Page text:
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Ask knowledgeable college football person what Alabama’s identity is and the answer is likely to be “Strong running game, great defense, solid kicking game.” Not only is this year’s Crimson Tide not living up to that perceived identity three games into the season, those elements alone have never been enough to win championships.
No one is more anxious to know what the identity of the 2015 Alabama football team will be than Coach Nick Saban. He has mentioned it on occasion, including pointing out that the identity is built over time, not just in time for the first game or even the fourth game. Saban also said after Bama’s 43-37 loss to Ole Miss Saturday that Alabama has not found an identity.
Identity is important to Saban. He has said that each team develops its on identity and that each team will be remembered for that identity.
To be sure, Alabama teams have been successful in developing a positive identity under Saban, as evidenced by three national championships in his eight years at the helm.
“I think we need to continue to develop that,” Saban said this week. “I thought we had some identity in the first game and were moving in the right direction, and then in the last two games we’ve been scattered. We need to have some certainty in what we’re going to do.”
Frequently the identity of a football team is based on the most important player, the quarterback. Jacob Coker started the first two games for Alabama, but was replaced as the starter by Cooper Bateman against the Rebels. After a costly interception, Bateman was replaced by Coker ,who finished the game. He was far from perfect, including throwing an interception in the last three minutes that all but killed any chance the Tide had for a comeback win.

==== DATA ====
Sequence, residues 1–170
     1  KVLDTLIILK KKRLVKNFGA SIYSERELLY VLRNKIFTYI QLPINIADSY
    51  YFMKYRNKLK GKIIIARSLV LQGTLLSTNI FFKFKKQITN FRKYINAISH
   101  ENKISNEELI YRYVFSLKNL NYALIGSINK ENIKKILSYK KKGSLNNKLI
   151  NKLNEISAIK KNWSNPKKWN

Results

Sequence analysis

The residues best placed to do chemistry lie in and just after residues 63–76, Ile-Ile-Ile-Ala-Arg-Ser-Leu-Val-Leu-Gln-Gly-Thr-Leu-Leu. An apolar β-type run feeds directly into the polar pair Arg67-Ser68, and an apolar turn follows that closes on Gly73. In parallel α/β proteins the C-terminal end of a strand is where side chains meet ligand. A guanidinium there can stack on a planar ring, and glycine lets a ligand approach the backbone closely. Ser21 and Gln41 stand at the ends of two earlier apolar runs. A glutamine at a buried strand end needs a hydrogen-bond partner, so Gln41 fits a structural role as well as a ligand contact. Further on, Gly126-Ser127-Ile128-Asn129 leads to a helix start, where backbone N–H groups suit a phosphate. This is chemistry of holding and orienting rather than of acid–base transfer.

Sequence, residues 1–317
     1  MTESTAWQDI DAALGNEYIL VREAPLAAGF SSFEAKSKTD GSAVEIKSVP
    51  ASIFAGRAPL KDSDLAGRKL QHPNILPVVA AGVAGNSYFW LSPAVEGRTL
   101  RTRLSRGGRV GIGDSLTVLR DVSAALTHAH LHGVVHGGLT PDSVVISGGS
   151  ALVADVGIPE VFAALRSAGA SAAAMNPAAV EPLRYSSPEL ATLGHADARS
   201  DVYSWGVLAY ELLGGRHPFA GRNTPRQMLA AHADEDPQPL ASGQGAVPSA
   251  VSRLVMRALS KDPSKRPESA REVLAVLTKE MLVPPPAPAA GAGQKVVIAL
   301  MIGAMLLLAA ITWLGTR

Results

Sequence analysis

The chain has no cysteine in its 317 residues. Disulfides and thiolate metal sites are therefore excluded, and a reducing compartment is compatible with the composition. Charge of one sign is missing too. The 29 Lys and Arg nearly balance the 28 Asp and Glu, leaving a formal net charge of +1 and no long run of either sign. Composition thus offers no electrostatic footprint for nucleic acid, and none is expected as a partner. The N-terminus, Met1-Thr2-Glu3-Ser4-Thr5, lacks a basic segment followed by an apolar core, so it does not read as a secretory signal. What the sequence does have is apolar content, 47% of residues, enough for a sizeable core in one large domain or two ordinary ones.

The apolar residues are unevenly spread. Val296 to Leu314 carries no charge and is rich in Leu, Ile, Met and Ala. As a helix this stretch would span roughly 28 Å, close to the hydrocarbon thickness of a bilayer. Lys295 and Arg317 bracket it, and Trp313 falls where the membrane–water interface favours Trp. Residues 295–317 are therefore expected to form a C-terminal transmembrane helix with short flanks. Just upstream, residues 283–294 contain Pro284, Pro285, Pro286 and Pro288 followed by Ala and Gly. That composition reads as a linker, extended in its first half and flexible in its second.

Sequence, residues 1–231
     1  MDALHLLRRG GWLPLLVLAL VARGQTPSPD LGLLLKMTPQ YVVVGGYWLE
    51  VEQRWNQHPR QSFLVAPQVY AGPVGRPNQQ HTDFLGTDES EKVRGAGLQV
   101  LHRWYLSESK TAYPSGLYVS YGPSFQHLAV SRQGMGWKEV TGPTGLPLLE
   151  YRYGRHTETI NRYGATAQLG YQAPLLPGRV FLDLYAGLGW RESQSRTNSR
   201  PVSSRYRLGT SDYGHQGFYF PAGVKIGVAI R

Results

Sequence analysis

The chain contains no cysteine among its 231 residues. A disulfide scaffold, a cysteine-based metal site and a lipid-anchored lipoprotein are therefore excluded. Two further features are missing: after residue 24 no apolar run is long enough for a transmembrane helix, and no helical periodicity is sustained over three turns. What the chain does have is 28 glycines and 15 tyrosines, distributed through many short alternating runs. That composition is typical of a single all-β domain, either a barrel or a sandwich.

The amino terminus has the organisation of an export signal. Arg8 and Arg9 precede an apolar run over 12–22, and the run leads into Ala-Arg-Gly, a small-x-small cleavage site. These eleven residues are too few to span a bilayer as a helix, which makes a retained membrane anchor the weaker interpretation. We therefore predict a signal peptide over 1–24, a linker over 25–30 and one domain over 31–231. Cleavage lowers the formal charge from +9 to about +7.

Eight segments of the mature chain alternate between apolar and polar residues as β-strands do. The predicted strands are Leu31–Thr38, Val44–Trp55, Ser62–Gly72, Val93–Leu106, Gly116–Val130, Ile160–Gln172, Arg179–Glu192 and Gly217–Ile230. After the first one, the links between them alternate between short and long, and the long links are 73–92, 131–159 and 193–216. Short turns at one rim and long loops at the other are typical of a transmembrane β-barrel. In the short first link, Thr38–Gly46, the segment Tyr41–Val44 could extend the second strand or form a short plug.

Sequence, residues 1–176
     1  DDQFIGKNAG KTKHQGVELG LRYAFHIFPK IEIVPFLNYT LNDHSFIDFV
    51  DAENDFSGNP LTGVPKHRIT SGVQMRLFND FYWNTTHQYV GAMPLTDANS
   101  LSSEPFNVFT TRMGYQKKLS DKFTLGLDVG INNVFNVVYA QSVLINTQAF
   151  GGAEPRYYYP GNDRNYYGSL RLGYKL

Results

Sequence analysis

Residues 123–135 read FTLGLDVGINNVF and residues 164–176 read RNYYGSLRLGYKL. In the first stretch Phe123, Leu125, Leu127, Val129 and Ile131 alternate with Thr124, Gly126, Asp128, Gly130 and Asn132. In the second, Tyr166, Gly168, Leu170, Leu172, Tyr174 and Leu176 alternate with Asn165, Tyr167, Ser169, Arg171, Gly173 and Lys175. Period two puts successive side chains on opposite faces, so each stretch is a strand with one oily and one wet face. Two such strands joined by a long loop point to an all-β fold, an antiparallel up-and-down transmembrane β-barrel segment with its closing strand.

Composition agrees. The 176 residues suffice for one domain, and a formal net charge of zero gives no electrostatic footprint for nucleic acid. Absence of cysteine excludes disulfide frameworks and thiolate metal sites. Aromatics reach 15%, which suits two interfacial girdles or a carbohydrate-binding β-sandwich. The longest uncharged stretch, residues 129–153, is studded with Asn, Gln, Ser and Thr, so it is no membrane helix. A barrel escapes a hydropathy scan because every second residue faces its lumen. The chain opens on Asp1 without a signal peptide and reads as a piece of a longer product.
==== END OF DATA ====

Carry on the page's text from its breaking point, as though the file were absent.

Saban said, “Jake came into the game and played with some passion and showed great leadership and energy when he played. We still have things that we need to work on and improve.
“At this point, provided he does the things he's supposed to do, I think we'll start him in this game. But I still think that what I'm talking about applies to all positions, not only quarterback.”
This game is Alabama hosting Louisiana-Monroe at 3 p.m. CDT Saturday in Bryant-Denny Stadium. The game will be televised by the SEC Network. Bama is 2-1 on the season and ranked 12th in the nation, dropping 10 spots in both polls after the six-point loss to Mississippi.
Although Saban said more than the quarterback position is involved, it is the topic of most conversation regarding Bama. He said, “We need to improve on things. We've got to throw the ball to the right place at the right time and we can't throw it to the other guys. That's probably the number one issue. And executing and doing things properly relative to how we're coached to do it, understanding it. We've got to do a better job of teaching it. We all need to do a better job of executing it.”
Saban could quip about the situation. Asked how he sees Coker going forward insofar as “passiong and energy,” Saban said, I don’t have a crystal ball up here.” He then picked up a prop bottle of Coca-Cola and mused whether the answer might be in there.
“I can’t predict any of that stuff,” Saban said. “It still goes back to execution. We can't throw interceptions. Can't throw the ball in the wrong place. We have to execute and do what we need to do to have the whole offense function, and that's something that we need to keep working on. It's our responsibility as coaches to help these guys do better and that's what we're focused on trying to do."
Saban said he was impressed with how his team battled to the end.
He said this team has “never been in that situation before so you never know how a team is going to respond, but I liked the resiliency that we showed. We had the ball with 2:54 where we could have had a chance to put a drive together and threw a pick. I was pleased with the way the players responded in the game.”
No one can see into the future, but somehow it’s difficult to see a Nick Saban team having an identity crisis. But that probably depends on a quarterback performing well.